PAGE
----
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5 best practices for communicating with parents 

Here’s how schools can do a better job of communicating and engaging parents more effectively.

4 min read


5 best practices for communicating with parents 


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It takes very few push notifications for most mobile users to turn off app notifications. While most parents are invested in their children’s education and want to be “in the know,” schools must be strategic and purposeful in how they are communicating. Bombarding parents with messages is not an effective way to keep them informed and engaged and could have just the opposite effect. As the director of communications for Waterbury Public Schools in Connecticut, I try to strike a balance with communications that is informative, but not overwhelming.  

Here are five tips I’ve developed for structuring smart communications so parents and guardians are not bombarded with your messaging:

Space individual messages out

If an organization floods you with messages, how long does it take to block, mute, or turn off app notifications? Probably not long. Parents deserve the same consideration. While they may not unsubscribe from an email or block all school notifications, too many interruptions can hurt parent satisfaction and dampen their willingness to engage. Critical messages also risk getting lost if too many uncoordinated announcements are competing for attention. Optimizing the volume and timing of regular school-home communications is a powerful way to increase parent engagement and reduce the risk of message fatigue. 

Consolidate communications for fewer interruptions

What number of school-home communications go out on a daily, weekly, or monthly basis? Consider messages from the attendance office, district leaders, principals, teachers, counselors, sports teams, the PTO/PTA, room parents and so forth. It can add up fast. Consider grouping regular communications into a single, daily message for your families to review all at once. A unified communications platform such as ParentSquare can support this automatically. Or, consider a manual process at the district or school level, like a centrally managed, daily bulletin. Both are effective ways to consolidate messaging. 

Let them pick the schedule

Utilizing a school-home communications platform that empowers families by encouraging them to choose when and how they want to receive routine school notifications is ideal. Parents should have the option to receive all messages in one batch early each evening. While parents should not be able to override emergency announcements, a digest feature is especially helpful for parents with multiple children at different schools.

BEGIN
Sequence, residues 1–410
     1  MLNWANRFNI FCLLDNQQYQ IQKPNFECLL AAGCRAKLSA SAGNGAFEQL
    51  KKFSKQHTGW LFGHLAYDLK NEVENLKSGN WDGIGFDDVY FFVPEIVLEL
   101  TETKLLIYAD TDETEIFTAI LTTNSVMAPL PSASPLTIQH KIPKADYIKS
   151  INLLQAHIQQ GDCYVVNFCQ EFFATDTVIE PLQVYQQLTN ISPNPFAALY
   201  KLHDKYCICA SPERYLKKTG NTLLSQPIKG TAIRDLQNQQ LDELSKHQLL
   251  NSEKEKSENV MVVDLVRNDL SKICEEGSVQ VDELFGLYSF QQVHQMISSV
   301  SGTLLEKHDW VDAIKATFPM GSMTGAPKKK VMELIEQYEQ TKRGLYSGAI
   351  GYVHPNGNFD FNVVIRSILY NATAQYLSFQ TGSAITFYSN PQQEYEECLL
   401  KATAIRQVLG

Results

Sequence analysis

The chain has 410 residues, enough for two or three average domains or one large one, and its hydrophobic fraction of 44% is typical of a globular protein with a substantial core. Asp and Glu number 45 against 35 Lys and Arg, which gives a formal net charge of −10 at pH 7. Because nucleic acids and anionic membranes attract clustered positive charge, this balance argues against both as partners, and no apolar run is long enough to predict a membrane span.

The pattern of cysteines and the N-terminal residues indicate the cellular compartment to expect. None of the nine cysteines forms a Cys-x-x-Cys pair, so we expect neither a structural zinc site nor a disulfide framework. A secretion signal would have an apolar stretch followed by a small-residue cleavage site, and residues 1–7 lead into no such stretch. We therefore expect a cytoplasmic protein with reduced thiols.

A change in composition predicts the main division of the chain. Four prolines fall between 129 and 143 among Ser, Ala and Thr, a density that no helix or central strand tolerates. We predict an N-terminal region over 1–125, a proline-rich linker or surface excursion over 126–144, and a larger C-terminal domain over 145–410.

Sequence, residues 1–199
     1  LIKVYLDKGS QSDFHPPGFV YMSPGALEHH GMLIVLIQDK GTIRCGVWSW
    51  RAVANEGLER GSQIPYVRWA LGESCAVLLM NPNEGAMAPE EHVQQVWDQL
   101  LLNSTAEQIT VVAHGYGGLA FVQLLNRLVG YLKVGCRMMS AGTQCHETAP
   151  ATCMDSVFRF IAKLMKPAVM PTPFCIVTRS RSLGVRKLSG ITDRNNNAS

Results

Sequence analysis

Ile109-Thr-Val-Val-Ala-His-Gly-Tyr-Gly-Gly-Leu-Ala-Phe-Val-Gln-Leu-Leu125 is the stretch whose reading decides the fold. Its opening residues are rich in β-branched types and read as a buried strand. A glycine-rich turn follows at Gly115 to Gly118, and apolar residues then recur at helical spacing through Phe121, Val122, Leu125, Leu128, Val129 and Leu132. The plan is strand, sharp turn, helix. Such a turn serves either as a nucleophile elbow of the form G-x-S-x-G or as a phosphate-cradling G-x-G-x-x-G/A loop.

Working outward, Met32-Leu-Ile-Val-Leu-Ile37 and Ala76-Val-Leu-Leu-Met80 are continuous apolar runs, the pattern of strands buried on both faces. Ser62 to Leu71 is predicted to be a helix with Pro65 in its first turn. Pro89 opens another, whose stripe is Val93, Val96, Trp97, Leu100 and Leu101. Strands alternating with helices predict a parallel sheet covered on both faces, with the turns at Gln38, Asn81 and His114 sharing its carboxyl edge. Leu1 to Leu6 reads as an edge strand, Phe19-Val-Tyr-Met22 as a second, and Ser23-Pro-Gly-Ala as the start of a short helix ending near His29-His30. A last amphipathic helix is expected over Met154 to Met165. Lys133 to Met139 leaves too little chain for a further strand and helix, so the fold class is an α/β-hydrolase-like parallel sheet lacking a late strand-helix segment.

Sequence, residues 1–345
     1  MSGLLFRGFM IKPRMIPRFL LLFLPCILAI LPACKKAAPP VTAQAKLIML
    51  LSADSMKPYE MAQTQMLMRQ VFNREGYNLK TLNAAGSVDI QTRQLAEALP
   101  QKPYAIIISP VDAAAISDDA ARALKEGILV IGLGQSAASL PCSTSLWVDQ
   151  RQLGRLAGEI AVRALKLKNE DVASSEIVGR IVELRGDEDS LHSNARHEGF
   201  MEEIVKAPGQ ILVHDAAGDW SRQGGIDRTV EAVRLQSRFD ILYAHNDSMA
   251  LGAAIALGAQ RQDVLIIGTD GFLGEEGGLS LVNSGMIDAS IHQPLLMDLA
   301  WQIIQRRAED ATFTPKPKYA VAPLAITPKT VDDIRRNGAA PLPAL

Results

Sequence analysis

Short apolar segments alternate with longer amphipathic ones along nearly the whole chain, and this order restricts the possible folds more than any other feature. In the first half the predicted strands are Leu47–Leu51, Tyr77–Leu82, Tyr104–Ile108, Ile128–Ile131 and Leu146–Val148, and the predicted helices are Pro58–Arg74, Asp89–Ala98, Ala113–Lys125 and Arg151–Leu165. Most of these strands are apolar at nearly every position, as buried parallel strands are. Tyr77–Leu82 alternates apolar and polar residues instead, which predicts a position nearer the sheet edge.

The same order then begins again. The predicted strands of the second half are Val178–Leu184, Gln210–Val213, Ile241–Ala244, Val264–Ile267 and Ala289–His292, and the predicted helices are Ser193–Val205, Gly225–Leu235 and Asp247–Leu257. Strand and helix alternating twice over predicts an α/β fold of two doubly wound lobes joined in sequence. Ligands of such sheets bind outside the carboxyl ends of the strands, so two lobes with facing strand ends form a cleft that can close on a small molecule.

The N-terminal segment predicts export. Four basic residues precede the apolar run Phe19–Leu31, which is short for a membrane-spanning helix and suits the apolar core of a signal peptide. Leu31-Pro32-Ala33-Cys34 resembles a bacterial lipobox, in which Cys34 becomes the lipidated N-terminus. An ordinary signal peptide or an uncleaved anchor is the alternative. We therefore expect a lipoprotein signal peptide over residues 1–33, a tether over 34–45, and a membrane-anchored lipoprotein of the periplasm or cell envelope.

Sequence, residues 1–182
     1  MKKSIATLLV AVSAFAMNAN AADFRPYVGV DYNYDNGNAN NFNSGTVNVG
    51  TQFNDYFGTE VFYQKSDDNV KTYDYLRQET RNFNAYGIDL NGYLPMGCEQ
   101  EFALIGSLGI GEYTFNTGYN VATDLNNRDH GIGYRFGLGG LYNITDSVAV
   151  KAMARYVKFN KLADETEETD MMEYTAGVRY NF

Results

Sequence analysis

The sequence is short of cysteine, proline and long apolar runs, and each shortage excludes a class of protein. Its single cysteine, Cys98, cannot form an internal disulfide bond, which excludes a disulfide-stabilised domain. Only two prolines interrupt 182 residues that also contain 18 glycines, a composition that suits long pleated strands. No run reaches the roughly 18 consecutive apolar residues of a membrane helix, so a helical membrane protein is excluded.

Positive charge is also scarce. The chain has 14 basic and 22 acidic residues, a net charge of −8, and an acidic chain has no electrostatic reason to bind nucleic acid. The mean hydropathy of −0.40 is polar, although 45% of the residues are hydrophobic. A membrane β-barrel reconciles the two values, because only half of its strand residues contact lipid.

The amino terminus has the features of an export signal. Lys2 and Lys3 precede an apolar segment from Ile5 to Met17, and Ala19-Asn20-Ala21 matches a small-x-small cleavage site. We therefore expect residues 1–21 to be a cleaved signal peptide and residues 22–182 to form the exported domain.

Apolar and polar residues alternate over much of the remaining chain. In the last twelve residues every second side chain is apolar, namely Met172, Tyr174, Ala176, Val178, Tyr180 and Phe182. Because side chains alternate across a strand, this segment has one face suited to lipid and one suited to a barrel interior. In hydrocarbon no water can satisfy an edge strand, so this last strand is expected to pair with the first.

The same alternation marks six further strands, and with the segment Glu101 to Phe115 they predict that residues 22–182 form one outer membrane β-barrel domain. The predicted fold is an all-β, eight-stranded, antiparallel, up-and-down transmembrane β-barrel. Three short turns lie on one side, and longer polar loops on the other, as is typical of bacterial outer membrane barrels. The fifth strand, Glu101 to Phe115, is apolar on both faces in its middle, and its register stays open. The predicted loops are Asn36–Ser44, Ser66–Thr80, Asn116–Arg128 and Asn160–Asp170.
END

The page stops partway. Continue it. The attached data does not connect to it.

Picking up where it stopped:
Consider the time of day 

Rather than immediately sending messages that aren’t time-sensitive, identify the best time windows and schedule your communications to maximize attention and engagement. Many districts and schools schedule messages for 6 p.m. or later when working parents are likely to be home and family members together. To identify the best time of day to send regular announcements, consider typical parent, home, or work schedules in your area, and/or ask families about their communication preferences.

Establish a regular cadence

Create a consistent communications schedule so announcements are expected and don’t seem like interruptions. Having an agreed-upon, reliable schedule across your district or school also reduces the risk of too many uncoordinated messages arriving on the same day, which can overwhelm families. You may also want to:

  • Identify standard, recurring communications (Superintendent’s or Principal’s update, classroom memos, community resources, plus routine messages from athletic teams, PTO/PTA, after-school clubs and more)
  • Collaborate with the appropriate staff members or “communications champions” to agree on daily, weekly or monthly timing and a schedule
  • Measure and improve cadence by getting feedback, adapting, and adjusting until everyone—including parents—are on the same page and satisfied

A school’s ability to effectively communicate with its families has never been more important. That’s why it’s critical message content and cadence is well thought out beforehand. These five strategies can help any school or district ensure that families stay authentically engaged, instead of interrupted or inconvenienced by your announcements. 

Sujata Wycoff serves as the director of communications for Waterbury Public Schools. She uses ParentSquare to communicate with families in her district. 

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